While tooth grinding is generally considered to be a human problem, cats also do it. In fact, tooth grinding in cats even has a special name – it’s called Bruxism. Have you ever seen or heard a cat grinding his teeth? It’s not a pretty sight and it sounds downright painful. Any loving cat owner who has heard this sound will want to know what’s causing this behavior. They’ll also want to know how to make their cat stop doing it.
With cats, tooth grinding is not usually a habit or a “tic” like it can be with humans. If your cat is grinding or gnashing his teeth, there is likely a root cause and the Bruxism is simply a symptom. Here are some possible causes.
If you’ve ever watched a cat play, you know they will put just about anything in their mouths. This could lead to dental problems, abscesses, burns and jaw problems. When your cat grinds his teeth, especially if the grinding is accompanied with drooling or excessive salivation, it’s likely that he is experiencing some kind of oral pain. If you can, check your cat’s mouth for sores, broken teeth or any inflammation. You may need to visit your veterinarian to safely and thoroughly check the cats mouth and throat, after all those teeth and claws can do some damage. Read More »
Growing up with a parent who suffered from rheumatoid arthritis, I saw firsthand the difficulties someone with chronic pain lives with each day. It can be hard to get up in the morning, do daily chores and give 100% at work. My mom did the best she could with everyday activities. I know how tough it was at times, but her pets gave her motivation to crawl out of bed each morning. Pets are beneficial to our health in many ways, and they can help people with chronic pain.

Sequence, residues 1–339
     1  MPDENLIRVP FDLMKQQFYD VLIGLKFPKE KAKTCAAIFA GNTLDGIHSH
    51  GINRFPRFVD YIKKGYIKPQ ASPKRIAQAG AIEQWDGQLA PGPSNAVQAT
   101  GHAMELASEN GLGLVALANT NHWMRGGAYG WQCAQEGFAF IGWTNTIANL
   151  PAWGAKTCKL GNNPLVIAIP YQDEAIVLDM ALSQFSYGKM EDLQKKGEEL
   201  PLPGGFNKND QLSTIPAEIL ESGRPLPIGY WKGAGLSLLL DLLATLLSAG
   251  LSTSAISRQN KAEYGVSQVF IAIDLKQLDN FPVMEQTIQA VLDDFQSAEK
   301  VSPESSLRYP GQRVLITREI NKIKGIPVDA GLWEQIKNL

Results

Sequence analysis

We all experience pain at some point in our lives. Whether it’s chronic pain or acute pain from an injury or medical issue, pain is a normal sensation in the nervous system that says pay attention. Acute pain is generally something that can be treated. Chronic pain is much different, and defined as pain that lasts for at least three months or longer. The impact of chronic pain can range from mild irritation to life changing restrictions that can affect a person’s emotional and social outlook as well as physical health. Read More »
No matter the type of coat your dog has – long or short, thick or thin – it’s a good idea to brush them on a regular basis. Brushing your dog’s fur is part of a healthy grooming routine that will not only help keep them in good condition, but help prevent other skin or pest problems from becoming debilitating. Here are five good reasons for brushing your dog.
Removes Loose Hair
Although some dogs shed a great deal more than others, brushing can help remove loose fur from any dog. Dogs with double layered thick coats are not the only ones who leave fur all over. Short wiry haired dogs shed it as well. This shed fur ends up all over your furniture, floor and your clothing. Routine brushing will help keep the fur from dropping all over the house. Read More »
Most people never leave home without their phone these days. Having the ability to communicate at any time by calling or texting is convenient. Pets don’t have opposable thumbs, which makes it difficult to type…but what if your pet could send a text to let you know what’s going on when you aren’t at home? Here are some of the exchanges that might occur: